Thursday, April 22, 2010
“Do You Have Any Room For Cats and/or Kittens? We have had 3 stray cats give birth to 17 kittens in our garage and around our home. Can you help with this problem?”
So if Albuquerque Animal Control is closed to new cat admissions, what do they recommend as the alternative? Leave adult outdoor cats where they are but work with your local spay/neuter programs to get them fixed. They point out that cats often have a better chance of survival living outdoors than at at a crowded animal control shelter – and that’s true any time of year not just during kitten season. They also recommend leaving newborns with their mothers – they die at shelters too – when a foster home isn’t readily available. (If you do want to rescue kittens – and when possible that’s preferable to letting them grow up feral -- it’s best to wait until their 4 weeks old. But rescue them only if you (or someone you know) has 3-4 weeks to spend teaching them how to be pet cats and networking to place them in good indoor homes. Our Feral Colony Handbook gives a good overview of the process in Appendix C.)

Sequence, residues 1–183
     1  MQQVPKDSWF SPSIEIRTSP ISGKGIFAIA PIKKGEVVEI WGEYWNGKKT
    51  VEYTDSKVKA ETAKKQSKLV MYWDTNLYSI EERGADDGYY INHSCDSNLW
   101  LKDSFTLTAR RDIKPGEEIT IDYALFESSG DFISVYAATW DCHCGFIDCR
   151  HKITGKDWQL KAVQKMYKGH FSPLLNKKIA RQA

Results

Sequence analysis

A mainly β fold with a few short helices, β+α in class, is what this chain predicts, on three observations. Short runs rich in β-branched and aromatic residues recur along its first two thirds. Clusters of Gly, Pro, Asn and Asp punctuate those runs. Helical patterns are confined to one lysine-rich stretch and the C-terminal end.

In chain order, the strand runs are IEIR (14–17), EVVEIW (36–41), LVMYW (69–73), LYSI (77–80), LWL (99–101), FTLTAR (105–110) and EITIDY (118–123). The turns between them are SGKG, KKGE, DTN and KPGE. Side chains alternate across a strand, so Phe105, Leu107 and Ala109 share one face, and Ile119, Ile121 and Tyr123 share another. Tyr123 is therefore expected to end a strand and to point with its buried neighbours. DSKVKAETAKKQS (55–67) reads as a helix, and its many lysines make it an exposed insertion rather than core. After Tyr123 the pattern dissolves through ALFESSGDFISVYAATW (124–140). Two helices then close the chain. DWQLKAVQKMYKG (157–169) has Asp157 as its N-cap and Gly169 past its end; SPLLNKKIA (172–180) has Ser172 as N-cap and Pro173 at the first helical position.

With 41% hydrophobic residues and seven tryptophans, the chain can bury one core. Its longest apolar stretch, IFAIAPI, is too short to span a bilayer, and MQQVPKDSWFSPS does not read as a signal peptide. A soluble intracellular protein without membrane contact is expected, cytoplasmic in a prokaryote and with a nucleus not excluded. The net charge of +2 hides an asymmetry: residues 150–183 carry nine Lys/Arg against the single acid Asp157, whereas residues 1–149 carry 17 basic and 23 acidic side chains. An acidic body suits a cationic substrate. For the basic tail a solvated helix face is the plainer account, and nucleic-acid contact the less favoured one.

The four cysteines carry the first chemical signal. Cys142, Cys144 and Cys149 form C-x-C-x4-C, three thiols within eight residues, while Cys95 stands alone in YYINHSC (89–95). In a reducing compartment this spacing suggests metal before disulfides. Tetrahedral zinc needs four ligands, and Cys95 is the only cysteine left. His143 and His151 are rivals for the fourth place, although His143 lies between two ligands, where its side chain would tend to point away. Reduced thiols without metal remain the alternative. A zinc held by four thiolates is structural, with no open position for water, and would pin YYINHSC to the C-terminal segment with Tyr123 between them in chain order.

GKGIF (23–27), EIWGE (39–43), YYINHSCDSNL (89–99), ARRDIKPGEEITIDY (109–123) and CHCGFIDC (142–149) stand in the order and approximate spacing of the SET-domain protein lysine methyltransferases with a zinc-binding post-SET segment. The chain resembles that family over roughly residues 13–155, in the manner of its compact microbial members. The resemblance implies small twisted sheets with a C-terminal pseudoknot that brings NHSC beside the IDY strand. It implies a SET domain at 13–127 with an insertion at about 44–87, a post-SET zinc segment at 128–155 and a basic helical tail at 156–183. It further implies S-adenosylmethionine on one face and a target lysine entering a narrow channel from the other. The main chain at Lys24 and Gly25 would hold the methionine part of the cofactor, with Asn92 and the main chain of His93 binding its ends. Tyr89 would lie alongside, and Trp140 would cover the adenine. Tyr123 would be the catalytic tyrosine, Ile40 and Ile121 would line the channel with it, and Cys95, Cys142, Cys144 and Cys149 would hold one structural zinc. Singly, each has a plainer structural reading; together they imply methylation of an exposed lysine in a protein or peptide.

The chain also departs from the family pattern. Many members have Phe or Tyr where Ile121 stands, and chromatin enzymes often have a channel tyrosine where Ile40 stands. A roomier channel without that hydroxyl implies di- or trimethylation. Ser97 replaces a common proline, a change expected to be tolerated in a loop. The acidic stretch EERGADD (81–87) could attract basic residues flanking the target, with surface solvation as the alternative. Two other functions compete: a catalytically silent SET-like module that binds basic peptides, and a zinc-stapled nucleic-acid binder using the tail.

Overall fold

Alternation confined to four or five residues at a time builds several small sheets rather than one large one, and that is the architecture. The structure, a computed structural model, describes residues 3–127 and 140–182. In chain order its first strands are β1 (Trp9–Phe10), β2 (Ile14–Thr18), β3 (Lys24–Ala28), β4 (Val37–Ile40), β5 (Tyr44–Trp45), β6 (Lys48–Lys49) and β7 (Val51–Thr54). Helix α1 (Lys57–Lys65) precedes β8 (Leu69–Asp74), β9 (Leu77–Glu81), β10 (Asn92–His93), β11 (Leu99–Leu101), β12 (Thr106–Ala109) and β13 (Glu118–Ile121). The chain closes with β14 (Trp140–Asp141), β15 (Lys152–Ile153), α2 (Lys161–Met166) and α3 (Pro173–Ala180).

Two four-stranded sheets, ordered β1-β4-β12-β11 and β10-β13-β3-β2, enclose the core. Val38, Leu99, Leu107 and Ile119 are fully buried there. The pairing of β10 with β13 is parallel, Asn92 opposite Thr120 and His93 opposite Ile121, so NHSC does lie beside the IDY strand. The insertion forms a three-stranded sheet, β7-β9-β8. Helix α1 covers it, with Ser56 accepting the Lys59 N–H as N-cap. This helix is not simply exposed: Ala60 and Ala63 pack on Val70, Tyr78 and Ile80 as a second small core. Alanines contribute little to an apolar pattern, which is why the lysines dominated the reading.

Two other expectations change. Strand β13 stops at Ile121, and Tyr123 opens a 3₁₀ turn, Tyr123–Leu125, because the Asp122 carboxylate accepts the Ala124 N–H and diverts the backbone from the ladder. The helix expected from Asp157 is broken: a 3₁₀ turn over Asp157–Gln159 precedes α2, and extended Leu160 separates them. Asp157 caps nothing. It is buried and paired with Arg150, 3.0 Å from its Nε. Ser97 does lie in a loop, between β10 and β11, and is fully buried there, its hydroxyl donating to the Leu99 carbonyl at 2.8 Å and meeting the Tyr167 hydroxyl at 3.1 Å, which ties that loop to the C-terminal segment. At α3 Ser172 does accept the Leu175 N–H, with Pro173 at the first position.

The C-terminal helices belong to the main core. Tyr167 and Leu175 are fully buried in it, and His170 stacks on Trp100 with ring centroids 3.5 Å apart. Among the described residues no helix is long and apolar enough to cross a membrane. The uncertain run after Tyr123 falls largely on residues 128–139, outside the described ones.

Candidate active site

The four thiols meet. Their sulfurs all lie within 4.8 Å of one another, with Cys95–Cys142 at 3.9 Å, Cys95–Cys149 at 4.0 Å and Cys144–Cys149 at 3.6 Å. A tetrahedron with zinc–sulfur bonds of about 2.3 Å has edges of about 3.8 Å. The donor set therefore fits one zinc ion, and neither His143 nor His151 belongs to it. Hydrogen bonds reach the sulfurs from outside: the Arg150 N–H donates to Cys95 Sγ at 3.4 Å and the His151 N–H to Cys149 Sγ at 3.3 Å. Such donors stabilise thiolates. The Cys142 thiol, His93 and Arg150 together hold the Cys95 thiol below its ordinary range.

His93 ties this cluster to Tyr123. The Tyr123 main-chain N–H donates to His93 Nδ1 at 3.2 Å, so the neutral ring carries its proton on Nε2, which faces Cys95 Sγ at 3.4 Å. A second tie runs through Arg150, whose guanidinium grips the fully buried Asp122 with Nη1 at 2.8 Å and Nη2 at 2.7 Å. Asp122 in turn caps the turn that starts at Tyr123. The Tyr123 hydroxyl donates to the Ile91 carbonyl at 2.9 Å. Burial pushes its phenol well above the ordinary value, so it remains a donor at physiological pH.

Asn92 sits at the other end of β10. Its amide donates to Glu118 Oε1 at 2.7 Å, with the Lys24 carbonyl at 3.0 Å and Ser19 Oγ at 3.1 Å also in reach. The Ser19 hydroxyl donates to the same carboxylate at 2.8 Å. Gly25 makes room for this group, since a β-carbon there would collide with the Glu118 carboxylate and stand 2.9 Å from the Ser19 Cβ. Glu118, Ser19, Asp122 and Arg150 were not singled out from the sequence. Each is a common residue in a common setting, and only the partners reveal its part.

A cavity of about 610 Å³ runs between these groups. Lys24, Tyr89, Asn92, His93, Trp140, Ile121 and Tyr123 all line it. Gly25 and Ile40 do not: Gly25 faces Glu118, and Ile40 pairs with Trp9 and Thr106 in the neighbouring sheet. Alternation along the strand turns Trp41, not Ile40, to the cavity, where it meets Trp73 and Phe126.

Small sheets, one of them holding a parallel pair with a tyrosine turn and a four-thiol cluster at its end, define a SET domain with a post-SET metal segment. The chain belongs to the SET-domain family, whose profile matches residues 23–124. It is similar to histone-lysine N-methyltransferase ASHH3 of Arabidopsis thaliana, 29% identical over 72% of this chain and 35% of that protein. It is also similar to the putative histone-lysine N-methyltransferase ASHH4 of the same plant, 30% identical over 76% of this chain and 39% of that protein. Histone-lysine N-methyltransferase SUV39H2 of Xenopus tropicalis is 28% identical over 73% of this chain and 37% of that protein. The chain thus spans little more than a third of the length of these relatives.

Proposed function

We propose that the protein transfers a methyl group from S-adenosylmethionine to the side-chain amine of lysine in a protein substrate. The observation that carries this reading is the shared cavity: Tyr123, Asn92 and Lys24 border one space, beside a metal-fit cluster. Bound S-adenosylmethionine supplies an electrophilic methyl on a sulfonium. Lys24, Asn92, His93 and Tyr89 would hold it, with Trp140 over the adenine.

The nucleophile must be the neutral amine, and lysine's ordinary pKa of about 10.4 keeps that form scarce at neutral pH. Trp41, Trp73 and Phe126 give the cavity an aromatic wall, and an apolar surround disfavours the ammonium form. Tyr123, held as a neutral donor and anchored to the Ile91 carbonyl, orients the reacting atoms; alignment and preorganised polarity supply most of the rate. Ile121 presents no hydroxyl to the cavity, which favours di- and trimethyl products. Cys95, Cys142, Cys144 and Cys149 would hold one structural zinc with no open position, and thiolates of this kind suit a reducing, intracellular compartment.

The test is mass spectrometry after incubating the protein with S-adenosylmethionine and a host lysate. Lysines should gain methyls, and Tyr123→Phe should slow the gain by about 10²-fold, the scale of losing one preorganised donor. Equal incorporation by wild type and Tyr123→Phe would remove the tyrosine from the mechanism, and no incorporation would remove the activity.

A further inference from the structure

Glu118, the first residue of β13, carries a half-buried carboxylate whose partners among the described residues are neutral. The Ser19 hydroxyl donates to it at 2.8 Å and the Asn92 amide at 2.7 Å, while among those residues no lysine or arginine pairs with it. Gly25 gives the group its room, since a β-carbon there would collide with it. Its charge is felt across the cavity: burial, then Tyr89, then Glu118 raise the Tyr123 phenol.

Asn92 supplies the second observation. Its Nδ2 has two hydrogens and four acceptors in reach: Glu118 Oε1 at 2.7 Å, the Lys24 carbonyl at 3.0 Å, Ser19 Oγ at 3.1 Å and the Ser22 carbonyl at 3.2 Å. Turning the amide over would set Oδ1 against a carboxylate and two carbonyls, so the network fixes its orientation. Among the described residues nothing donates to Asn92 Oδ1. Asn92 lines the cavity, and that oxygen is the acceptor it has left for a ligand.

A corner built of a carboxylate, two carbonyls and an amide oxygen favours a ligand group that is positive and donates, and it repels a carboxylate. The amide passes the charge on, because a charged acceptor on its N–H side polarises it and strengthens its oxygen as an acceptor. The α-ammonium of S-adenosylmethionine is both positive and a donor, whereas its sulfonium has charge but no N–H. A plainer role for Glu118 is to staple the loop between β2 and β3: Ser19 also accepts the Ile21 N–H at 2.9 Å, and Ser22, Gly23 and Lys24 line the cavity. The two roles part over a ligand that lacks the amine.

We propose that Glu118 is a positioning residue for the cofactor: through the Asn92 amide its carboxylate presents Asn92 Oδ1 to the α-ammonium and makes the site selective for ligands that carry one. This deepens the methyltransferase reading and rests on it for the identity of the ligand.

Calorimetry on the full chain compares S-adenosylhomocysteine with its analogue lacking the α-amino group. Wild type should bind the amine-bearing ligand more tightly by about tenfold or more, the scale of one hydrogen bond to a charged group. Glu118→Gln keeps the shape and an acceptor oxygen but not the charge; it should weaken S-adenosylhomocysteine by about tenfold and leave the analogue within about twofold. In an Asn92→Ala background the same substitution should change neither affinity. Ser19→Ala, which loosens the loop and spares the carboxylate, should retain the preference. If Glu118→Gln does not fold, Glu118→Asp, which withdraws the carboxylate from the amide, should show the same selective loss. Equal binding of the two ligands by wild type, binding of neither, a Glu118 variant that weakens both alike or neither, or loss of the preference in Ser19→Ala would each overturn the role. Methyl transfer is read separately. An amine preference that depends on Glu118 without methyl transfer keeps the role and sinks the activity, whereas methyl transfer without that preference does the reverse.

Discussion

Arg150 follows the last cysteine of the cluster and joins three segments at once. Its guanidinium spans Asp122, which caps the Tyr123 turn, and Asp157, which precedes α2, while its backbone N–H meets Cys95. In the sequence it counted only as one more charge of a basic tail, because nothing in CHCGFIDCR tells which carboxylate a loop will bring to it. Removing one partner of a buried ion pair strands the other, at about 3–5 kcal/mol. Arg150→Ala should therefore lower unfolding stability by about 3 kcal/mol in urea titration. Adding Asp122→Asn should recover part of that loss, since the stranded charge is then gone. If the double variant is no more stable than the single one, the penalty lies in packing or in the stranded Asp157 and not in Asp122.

Not too long ago we may have heard a distinctly different PSA – reporting the same event – an overcrowded shelter overflowing with cats and kittens -- but blaming “irresponsible pet owners who don’t fix their cats” for the problem. And the shelters would have responded differently as well. Instead of suggesting leaving stray cats outdoors and getting them fixed, they would have euthanized them as excess. We have Alley Cat Allies to thank for this sea change in shelter behavior -- their many years of advocating for TNR (trap-neuter-return of stray and feral cats) is finally paying off – replacing shelter euthanasia with sterilization of all cats – living indoors and out.
So when someone asks us to help with 17 cats – 14 of which are kittens -- our heart sinks. All too often people don’t see the urgency of fixing cats until after kittens are born -- when they’re overwhelmed by the numbers. Then it’s too late. The simple task of fixing and caring for 3 adult cats becomes the daunting task of also socializing and placing 14 kittens.